Subject: Re: [boost] [container] static_vector: fixed capacity vector update
From: Nevin Liber (nevin_at_[hidden])
Date: 2013-01-21 13:29:27
On 21 January 2013 11:19, Andrew Hundt <athundt_at_[hidden]> wrote:
> On Mon, Jan 21, 2013 at 10:45 AM, Olaf van der Spek <ml_at_[hidden]> wrote:
> > What happened to hybrid array/vector?
> Strictly speaking it's not a proper superset since there are some
> fundamental interface differences between a container with a hard size
> limit of N vs one with a more flexible size limit.
I see no fundamental difference between your solution and a hybrid vector
with a null allocator.
The limitations of static_vector also provides some of its strengths.
> For instance, an individual call to push back() will never be an O(N)
> operation due to reallocation which is important when latency is
Neither is there one in a hybrid vector with a null allocator.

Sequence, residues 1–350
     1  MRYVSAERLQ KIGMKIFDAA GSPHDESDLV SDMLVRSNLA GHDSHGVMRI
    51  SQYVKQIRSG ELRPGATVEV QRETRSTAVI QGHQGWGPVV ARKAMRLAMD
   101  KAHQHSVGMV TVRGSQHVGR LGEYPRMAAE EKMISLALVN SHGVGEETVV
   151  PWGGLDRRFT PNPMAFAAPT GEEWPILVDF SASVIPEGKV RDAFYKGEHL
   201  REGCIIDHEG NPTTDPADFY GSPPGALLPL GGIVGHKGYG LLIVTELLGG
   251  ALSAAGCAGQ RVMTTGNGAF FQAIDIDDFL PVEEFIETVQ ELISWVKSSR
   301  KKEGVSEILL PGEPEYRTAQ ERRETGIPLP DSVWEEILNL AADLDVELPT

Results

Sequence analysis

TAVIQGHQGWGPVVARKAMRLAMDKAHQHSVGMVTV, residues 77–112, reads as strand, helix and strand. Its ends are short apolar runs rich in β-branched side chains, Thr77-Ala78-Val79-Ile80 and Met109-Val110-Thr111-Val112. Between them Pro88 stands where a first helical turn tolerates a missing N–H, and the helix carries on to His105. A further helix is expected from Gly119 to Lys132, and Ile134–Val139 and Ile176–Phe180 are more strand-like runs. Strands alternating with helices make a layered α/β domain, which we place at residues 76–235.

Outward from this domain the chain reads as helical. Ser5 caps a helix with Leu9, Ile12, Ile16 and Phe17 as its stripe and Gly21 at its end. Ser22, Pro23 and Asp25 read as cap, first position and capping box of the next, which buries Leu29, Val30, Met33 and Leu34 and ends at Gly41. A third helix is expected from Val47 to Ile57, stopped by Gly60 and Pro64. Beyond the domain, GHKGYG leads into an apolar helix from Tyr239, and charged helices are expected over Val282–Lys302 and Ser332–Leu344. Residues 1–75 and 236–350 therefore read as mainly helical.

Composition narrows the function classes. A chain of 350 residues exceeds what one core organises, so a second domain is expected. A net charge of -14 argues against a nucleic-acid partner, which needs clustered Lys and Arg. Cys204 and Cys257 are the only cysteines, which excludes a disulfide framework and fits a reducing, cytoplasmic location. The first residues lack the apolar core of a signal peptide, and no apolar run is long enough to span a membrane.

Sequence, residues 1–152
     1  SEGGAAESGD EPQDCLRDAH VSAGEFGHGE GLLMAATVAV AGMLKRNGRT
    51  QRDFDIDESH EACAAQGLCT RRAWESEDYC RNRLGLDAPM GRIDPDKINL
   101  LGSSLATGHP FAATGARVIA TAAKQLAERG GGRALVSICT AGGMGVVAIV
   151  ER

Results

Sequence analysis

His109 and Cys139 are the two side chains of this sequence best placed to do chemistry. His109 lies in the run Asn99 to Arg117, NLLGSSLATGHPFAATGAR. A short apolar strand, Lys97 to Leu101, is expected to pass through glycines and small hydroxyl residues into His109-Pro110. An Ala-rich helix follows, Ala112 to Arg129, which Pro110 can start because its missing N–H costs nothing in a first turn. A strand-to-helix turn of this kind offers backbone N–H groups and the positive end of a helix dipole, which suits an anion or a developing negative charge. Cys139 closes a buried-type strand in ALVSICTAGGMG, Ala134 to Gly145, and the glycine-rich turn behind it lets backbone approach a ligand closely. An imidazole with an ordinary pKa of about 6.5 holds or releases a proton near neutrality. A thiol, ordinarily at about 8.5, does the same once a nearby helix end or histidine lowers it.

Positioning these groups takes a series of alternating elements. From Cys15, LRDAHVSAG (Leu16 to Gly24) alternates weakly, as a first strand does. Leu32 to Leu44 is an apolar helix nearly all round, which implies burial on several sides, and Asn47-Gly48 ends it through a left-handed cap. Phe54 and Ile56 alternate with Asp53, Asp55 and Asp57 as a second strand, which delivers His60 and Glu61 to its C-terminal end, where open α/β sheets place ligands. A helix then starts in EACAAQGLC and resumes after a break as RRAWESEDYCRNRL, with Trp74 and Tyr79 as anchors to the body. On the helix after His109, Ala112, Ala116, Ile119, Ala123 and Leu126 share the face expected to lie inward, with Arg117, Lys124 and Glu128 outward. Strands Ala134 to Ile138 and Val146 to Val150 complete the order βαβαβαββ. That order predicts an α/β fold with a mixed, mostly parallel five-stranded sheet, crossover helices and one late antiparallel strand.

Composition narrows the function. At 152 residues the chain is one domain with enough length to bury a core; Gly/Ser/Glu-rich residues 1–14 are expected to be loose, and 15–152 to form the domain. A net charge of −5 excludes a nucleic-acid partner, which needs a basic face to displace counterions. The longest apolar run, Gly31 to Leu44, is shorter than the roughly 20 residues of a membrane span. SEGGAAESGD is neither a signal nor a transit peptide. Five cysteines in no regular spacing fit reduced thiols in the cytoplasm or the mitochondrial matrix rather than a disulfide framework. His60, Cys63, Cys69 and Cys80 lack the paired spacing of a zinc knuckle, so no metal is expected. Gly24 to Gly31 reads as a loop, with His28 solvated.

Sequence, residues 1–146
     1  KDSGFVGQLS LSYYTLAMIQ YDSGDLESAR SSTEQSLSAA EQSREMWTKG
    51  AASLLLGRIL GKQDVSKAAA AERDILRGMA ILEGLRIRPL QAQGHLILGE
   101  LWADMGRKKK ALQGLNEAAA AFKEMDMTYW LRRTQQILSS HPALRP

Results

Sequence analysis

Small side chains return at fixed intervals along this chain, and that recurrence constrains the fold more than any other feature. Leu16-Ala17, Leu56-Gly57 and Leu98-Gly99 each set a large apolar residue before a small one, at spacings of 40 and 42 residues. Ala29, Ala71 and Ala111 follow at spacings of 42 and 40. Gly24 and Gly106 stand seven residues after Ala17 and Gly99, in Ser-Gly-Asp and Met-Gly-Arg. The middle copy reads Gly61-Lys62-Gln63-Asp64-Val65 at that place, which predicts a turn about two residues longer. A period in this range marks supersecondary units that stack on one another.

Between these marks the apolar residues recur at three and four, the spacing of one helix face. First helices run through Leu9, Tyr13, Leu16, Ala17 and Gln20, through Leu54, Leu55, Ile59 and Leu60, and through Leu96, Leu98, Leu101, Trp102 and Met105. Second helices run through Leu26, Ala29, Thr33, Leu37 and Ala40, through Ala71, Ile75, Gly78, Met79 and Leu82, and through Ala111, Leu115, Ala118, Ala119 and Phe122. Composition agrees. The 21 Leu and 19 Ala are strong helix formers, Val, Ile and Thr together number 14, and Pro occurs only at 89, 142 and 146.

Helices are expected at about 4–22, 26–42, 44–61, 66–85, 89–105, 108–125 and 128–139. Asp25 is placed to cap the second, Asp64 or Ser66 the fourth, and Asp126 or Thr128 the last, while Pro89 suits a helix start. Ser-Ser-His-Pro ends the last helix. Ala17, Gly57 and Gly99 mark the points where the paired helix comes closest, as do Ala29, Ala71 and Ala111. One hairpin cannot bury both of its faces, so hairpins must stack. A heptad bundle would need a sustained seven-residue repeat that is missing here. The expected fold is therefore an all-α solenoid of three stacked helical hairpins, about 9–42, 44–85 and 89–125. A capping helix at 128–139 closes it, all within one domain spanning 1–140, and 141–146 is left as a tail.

> Also, for real time systems allocation is not desirable and
> hybrid_vector would require much more care to avoid allocations than
> static_vector will.
I need correctness first. If I can live with a fixed upper bound, I can
use a null allocator.
> There are also some properties of hybrid_vector that place it outside
> the scope of static_vector. For instance, hybrid_vector's swap() could
> sometimes be O(1) for large N, and O(N) for small N, while
> static_vector always occupies the small N case.
And you see this as an *advantage* for your solution? For swap, the hybrid
vector is never any worse and sometimes better than your solution.
Ultimately, I think static_vector and hybrid_vector make the most
> sense as two separate classes.
Which is what it boils down to. The rest is just rationalization.
I see your solution as a subset of hybrid vector, and if hybrid vector
exists, I don't see any reason to use yours over it.
-- Nevin ":-)" Liber <mailto:nevin_at_[hidden]> (847) 691-1404
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